In fact, Wise County’s outperformance across the board in math was truly remarkable. None of the other ten counties was close. While Wise had only 20 English learners, it also had only 18 Asians.

Hispanics. The best results for Hispanics in reading and math were recorded in Wise County, Chesapeake, Martinsville and Roanoke County. Among those, only Martinsville has a significant percentage of English learners at 9%.

Asians. Asian kids significantly outperform every other demographic in reading and math and drive up overall SOL scores in Loudoun, with almost 25% Asians, Fairfax County with almost 20% and Henrico with 12.5%. Those were the only districts among my ten with more than 4% Asian population.  

Competing factors. Wise County has almost no Asians, yet still outperformed Loudoun, Fairfax and Henrico. That may indicate that English learners have a bigger impact to the down side than Asians have to the upside of district SOL averages.

Surprisingly, at least to me, Hispanic and disadvantaged kids underperformed state averages in math and reading in both Loudoun and Fairfax Counties. That correlates with those counties’ outsized percentages of English learners that are likely both Hispanic and disadvantaged.

Statewide National Assessment of Educational Progress (NAEP) testing 2018-19

The NAEP test is given periodically to specific grades in schools nationwide.  That program provides each state its grades but does not break them down any further. Tests in math and English reading were given to Virginia 4th graders in the 2018-19 school year.

The attached spreadsheet contains a segment that provides those 2018-19 NAEP scores.

Those tests tell us a lot about the academic performance of our schools and also provide a reference point against which to measure the efficacy of SOLs in those subjects given to Virginia 4th graders in the same year, which I will show in the next installment.  

The NAEP tests appear to be tougher than the SOLs. Our kids tested very poorly on them. Again, I am talking in absolute rather than relative (to other states) terms.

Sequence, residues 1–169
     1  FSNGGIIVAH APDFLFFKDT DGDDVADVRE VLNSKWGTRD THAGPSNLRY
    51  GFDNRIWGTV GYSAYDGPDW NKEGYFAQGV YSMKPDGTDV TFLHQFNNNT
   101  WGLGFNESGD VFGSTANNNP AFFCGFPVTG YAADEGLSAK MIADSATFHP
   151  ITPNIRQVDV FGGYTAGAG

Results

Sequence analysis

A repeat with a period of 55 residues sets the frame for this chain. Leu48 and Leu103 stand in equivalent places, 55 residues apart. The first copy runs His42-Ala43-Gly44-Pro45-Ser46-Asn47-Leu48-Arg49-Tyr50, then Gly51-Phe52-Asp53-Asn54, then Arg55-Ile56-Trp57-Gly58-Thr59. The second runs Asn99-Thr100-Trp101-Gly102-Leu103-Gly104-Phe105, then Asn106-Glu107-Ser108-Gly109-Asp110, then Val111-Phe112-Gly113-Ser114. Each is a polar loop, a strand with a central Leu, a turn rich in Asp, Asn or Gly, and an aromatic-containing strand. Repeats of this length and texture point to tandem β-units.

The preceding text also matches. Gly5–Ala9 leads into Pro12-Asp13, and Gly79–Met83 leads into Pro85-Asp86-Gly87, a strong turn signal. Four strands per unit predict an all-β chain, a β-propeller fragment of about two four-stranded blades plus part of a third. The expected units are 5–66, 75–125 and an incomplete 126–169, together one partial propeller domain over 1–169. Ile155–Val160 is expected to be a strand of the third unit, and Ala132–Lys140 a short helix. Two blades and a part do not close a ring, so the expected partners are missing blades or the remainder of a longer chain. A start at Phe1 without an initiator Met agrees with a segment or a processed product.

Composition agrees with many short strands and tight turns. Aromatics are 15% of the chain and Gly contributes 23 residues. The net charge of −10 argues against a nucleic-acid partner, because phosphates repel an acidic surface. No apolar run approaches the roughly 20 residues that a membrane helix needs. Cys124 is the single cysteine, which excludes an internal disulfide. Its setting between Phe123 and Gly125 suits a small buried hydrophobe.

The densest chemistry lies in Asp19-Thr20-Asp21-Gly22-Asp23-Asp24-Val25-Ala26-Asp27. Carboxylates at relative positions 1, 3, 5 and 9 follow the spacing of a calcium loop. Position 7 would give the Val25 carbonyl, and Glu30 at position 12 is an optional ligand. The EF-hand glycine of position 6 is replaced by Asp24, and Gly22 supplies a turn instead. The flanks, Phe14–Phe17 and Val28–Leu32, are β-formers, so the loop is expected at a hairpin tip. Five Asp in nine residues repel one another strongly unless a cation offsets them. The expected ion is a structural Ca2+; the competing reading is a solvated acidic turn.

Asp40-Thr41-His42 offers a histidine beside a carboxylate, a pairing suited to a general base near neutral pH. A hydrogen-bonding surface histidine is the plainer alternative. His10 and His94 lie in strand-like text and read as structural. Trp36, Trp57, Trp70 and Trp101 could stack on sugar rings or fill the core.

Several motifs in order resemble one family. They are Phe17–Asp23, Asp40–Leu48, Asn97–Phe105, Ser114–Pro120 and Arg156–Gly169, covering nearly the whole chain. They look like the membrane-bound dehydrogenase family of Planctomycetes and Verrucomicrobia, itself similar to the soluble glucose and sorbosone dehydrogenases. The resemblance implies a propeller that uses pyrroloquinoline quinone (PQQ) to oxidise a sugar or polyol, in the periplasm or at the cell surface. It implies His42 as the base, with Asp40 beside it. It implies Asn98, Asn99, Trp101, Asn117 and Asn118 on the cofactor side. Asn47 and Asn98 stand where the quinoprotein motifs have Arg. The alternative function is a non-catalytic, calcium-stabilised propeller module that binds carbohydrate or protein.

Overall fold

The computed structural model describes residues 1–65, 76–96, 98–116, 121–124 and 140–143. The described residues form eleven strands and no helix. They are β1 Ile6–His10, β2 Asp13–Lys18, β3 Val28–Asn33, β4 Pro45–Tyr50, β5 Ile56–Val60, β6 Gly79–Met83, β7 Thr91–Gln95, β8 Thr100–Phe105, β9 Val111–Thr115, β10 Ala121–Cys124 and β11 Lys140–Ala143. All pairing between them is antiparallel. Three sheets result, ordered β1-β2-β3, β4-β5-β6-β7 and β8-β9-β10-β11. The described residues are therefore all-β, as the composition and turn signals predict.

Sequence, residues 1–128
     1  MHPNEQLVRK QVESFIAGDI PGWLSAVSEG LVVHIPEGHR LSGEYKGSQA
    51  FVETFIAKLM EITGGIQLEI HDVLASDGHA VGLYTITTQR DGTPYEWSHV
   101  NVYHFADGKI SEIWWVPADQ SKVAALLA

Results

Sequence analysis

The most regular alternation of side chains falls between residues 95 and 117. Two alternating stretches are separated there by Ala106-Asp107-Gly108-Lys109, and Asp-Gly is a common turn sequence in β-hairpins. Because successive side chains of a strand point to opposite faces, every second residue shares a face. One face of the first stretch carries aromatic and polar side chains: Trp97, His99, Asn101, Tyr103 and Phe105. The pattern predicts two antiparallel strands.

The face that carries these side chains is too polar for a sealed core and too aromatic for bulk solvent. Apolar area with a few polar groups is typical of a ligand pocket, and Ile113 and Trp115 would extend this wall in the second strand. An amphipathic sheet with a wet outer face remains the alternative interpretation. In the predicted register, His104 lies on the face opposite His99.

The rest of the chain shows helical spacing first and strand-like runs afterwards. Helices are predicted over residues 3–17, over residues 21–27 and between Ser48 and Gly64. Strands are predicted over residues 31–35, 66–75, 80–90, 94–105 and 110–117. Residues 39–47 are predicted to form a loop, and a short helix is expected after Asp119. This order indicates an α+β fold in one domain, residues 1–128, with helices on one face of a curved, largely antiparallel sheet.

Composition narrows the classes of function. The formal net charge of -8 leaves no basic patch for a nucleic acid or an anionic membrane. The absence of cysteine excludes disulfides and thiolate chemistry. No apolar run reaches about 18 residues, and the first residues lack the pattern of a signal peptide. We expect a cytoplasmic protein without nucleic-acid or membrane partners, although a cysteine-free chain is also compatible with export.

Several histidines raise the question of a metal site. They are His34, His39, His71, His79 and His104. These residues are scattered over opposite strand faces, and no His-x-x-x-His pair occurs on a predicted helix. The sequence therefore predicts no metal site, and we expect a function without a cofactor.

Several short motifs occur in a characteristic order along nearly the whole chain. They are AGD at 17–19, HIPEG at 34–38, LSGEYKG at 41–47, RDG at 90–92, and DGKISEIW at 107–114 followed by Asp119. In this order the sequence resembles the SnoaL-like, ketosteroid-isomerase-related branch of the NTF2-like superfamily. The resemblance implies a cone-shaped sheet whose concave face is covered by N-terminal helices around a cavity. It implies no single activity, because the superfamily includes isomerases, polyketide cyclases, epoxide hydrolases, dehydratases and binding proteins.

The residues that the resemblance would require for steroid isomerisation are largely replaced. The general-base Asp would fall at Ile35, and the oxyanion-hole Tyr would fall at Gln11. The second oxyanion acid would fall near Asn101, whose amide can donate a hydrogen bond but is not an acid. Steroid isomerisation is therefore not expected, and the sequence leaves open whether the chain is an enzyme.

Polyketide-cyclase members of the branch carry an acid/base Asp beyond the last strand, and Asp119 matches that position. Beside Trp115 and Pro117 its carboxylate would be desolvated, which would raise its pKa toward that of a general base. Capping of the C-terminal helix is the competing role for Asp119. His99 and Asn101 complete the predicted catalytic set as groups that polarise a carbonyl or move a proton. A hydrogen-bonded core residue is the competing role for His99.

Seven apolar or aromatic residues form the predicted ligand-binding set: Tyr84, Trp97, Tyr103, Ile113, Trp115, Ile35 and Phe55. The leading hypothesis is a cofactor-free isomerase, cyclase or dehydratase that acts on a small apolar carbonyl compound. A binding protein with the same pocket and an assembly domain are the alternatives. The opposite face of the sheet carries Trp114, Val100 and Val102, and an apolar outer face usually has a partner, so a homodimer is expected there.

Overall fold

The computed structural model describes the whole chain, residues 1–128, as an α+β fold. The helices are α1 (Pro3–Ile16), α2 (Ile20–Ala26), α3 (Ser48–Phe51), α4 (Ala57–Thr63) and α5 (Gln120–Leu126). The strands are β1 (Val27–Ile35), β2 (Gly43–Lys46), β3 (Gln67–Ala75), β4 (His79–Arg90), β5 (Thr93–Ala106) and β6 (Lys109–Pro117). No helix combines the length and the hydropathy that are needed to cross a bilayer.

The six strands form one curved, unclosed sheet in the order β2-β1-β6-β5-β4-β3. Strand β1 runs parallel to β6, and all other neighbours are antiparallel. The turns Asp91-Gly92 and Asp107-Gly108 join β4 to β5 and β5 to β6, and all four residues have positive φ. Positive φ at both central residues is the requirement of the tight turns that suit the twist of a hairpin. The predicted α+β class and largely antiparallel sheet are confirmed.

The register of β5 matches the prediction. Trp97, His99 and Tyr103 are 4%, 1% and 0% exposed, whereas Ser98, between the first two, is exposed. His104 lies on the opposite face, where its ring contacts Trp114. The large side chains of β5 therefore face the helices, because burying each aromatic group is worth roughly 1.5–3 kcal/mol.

Two examples — the rest can be seen in the spreadsheet:

  • Only 48% of Virginia 4th graders tested proficient or better in math, 39% proficient or better in reading.   
  • 49% of Virginia’s Black 4th graders tested below basicilliterate — in reading, only 19% proficient or better. Fourth grade is, as we know, the first year in which kids are expected to start to read to learn.  
  • I’ll say it again. Half of Virginia’s Black 4th graders could not read.

That is utterly unacceptable and ruinous for those children. And the VDOE thinks its most important mission is equity, not basic math and reading skills.  

It is impossible to consider those results as outliers. There were too many children tested. They did not have learning to lose in COVID.  

And most have now finished the 6th grade. Retention in grade rates are very low.

Source of Data / Add your favorite school district

Your local school district may not be the exception that you may think it is  If I did not choose yours, you can add it to the spreadsheet to see how it compares.  

The source of the data was VDOE School Quality Profiles both the State Report and Browse by Division.  

Having selected either the state or a school division, Click Enrollment for those data, Assessments for SOL scores, and ESSA for chronic absenteeism.  

  • In Enrollment, click on show data to get fall membership by subgroup and use 2018-19 data to align with SOLs.  
  • In Assessments use 2018-19 SOL data.  Remember these are pass rates only.  Click on each cohort.
  • In ESSA, click on View 2019 ESSA School Quality Indicator … and scroll down to Chronic Absenteeism.  These are also 2018-19 data.

Next – Individual schools

This has been a very useful exercise for me. I learned a lot. The results could launch dozens of Ph.D and Ed.D theses.

Next time we will look at performances down to the individual school level in Chesapeake and Loudoun.  

I should have that finished in a couple of days. It is at least differently informative than this one.  

It will make the case for school choice — both charters and open enrollment — like nothing you may have ever seen.